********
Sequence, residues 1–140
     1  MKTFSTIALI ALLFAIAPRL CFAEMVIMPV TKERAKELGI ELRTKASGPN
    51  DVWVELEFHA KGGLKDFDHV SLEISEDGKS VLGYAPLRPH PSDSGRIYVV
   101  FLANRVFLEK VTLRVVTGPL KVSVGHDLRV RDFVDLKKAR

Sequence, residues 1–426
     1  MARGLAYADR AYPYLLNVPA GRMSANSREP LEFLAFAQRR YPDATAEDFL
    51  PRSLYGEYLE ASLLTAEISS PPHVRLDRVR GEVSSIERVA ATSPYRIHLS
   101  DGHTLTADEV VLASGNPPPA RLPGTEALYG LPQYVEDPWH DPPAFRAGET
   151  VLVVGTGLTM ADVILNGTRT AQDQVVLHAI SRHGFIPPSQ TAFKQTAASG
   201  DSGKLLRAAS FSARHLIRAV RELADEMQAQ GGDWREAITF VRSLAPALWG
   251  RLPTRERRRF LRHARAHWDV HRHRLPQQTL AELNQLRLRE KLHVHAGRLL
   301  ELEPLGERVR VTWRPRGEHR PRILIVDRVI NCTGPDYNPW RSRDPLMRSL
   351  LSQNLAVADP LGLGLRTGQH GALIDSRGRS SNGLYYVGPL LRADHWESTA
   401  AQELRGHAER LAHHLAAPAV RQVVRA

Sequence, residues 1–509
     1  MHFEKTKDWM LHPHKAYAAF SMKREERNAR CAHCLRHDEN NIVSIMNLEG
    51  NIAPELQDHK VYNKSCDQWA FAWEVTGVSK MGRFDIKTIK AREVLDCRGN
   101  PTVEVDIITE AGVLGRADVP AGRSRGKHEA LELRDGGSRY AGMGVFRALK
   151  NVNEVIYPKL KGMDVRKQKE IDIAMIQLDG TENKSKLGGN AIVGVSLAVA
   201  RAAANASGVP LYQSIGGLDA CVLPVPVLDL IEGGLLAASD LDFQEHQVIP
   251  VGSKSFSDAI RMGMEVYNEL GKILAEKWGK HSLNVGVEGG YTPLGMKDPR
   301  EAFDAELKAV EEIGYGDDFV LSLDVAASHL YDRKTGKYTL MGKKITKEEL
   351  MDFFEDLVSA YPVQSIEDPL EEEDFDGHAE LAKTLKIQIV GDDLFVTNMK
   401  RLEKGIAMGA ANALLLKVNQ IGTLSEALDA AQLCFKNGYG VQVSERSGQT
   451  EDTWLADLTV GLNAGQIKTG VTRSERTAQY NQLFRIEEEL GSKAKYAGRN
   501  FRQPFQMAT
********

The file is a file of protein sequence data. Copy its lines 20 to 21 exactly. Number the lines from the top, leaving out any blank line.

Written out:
   201  RAAANASGVP LYQSIGGLDA CVLPVPVLDL IEGGLLAASD LDFQEHQVIP
   251  VGSKSFSDAI RMGMEVYNEL GKILAEKWGK HSLNVGVEGG YTPLGMKDPR